Tuesday, April 12, 2011

When Home is... a Gatehouse, a Palace... no actually a Water Tower

How is it already April, the end of first term, the start of Autumn and the first quarter of the year already gone? And how is it that we will be heading off to the other side of the world before the year is out without having had any thoughts of booking flights or accommodation?

For all these reasons, the last couple of weeks have seen me think very little of ‘home’ here in Sydney and panic about a temporary home in the UK in many months time.

Oh yes; with me it’s always about the accommodation. And knowing me as well as a certain English friend does, it’s not too surprising that she sent me the link to The Landmark Trust website...

We’re in London – rain hail or shine – for a special friend’s wedding. Not the royal wedding, obviously (although her father did tell me recently that my friend is a descendent of King Edward I) and while accommodation is sorted for that weekend, we aren’t flying all that way for two days. So where to stay for a couple of weeks either side?

Well, thanks to the Landmark Trust, I can see a few options.

Wolveton Gatehouse caught my eye first: built during the reign of King Henry VIII. Thomas Hardy came to tea here in 1900 and the towers were thought to have been built during the fourteenth century. The fourteenth century! The Jacobean fireplaces still work; actually they still may be the greatest source of heat with the website suggesting to light the fires and wear an extra layer as the ‘Dorset nobility would have done hundreds of years ago’.

But wait! Where else in the world can you say you stayed in a water tower? After future King Edward VII fell ill with Typhoid in 1871 and his son with the same illness three years later at Sandringham, an investigation into the water supply was ordered. It seemed the castle was built upon numerous cesspools and new waterworks needed to be designed. Part of this design needed to include a service reservoir: this is the 32,000-gallon cast-iron tank that tops the Appleton Water Tower.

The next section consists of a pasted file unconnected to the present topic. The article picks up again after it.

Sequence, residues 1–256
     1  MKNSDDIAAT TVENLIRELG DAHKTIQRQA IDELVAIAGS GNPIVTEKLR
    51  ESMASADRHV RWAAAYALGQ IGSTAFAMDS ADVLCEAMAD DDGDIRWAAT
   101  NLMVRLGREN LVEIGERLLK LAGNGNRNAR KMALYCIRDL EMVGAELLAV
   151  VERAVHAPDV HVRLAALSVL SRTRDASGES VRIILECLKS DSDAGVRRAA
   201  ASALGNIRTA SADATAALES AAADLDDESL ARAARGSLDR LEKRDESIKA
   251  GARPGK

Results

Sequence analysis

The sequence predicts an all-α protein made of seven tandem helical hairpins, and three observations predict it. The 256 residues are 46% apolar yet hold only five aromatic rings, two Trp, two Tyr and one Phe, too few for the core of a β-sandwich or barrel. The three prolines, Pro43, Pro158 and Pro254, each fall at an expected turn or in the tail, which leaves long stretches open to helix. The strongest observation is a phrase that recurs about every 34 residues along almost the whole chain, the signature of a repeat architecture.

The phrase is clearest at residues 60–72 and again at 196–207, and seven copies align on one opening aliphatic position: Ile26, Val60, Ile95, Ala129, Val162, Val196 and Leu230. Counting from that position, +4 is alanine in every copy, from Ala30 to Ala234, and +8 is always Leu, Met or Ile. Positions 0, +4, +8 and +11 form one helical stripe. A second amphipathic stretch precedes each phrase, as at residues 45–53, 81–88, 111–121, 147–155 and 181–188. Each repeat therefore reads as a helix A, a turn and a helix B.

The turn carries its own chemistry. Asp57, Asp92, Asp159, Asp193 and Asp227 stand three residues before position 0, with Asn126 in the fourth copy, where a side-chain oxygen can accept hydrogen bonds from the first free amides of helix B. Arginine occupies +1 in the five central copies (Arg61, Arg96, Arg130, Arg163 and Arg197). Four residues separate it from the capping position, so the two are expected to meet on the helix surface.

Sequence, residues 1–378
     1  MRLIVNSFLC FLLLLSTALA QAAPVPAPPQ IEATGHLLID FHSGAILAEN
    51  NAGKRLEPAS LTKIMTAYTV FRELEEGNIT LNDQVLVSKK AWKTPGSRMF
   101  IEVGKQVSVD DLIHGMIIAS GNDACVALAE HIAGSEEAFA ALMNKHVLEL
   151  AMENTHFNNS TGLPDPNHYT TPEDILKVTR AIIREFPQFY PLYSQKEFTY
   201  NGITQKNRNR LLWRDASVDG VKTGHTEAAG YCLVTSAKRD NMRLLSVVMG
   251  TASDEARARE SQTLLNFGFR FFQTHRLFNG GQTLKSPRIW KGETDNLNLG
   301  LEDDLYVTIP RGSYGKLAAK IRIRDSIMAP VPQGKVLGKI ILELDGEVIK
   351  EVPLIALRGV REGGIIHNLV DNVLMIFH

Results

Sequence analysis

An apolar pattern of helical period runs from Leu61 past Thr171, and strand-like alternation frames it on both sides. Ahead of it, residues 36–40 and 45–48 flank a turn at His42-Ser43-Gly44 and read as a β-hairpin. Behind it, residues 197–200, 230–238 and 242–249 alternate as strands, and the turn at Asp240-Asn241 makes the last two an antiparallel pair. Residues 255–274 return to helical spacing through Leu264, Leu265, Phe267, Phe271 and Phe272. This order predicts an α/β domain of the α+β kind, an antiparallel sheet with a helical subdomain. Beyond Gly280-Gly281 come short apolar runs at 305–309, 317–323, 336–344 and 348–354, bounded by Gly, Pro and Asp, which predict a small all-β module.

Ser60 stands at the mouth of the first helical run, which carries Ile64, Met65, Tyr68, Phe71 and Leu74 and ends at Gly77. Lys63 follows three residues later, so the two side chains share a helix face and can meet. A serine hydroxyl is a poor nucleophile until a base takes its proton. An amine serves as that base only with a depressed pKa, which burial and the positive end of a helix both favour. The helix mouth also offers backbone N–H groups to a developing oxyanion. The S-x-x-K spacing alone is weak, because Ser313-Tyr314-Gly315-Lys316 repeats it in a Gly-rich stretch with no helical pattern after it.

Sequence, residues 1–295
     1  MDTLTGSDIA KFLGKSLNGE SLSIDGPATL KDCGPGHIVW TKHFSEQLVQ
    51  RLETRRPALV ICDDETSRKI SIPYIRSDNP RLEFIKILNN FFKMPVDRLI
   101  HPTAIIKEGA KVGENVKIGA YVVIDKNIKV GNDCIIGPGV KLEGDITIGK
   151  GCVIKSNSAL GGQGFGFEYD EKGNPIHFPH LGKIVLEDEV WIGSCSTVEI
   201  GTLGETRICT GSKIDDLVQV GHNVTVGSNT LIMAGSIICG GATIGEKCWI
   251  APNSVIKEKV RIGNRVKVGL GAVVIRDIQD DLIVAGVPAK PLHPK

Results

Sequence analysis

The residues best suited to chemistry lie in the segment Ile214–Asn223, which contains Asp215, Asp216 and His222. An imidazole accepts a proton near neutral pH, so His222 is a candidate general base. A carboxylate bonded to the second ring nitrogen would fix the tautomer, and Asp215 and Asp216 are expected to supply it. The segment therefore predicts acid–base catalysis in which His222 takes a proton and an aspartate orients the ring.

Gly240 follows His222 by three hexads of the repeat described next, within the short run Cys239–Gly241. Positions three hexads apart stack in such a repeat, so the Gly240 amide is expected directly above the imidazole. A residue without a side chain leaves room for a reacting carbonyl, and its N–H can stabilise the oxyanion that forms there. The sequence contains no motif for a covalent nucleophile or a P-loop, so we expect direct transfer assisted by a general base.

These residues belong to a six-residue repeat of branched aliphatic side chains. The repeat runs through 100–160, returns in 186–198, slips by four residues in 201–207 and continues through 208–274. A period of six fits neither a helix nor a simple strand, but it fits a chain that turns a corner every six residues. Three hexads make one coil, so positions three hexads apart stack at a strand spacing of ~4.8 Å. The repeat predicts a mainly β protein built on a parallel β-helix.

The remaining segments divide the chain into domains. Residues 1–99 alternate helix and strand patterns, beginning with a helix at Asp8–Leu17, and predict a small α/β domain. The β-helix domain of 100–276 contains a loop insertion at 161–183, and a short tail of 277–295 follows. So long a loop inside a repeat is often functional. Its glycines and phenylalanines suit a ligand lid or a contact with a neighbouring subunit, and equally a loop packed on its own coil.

The engineer responsible for the design realised the tower would command superb views and the second floor room was made for the royal family and their guests ‘when shooting parties or picnickers required a base during the day’.

Today not only this room, but the whole tower is available for a family of four – and I think Louis could squeeze into a bed with either Lily or Ned too.

But if we really want to feel what it was like to be royalty, why not stay in a palace? Why not, indeed, when Hampton Court Palace offers a two bedroom apartment for rent?

Well to be truthful, it wasn’t ever an apartment that King Henry VIII visited. It was actually built for the Officers of the Pastry and lies in the service wing of the Tudor palace.

It was enlarged, though, by Henry VIII who enjoyed entertaining lavishly and even had extra kitchens built, one solely for the baking of pies.

Imagine, a kitchen just for pies... I think I’m leaning towards a few nights here.

Suddenly I don’t mind the year running away from me.

All pictures © The Landmark Trust website


Anonymous said...

Hi Germaine,
I loved this site when we were living in London! Jim and I signed up to receive weekly updates of amazing weekends away to be had, how fun for you! xx

Germaine Leece said...

Hi Al

That sounds too tempting for me... how could anyone tire of the possibilities of staying in a castle/fort/abbey/windmill?! Did you stay in any of them?! gx

Meagan said...

***Sigh*** Can I hop in the suitcase please? Give Tiff a cuddle for me. x

Germaine said...

Will do - she's babysitting for us while we're at the wedding! gx

If you can't guess.. said...

A "certain English friend".. I like your style.. ;-) Which one did you book?


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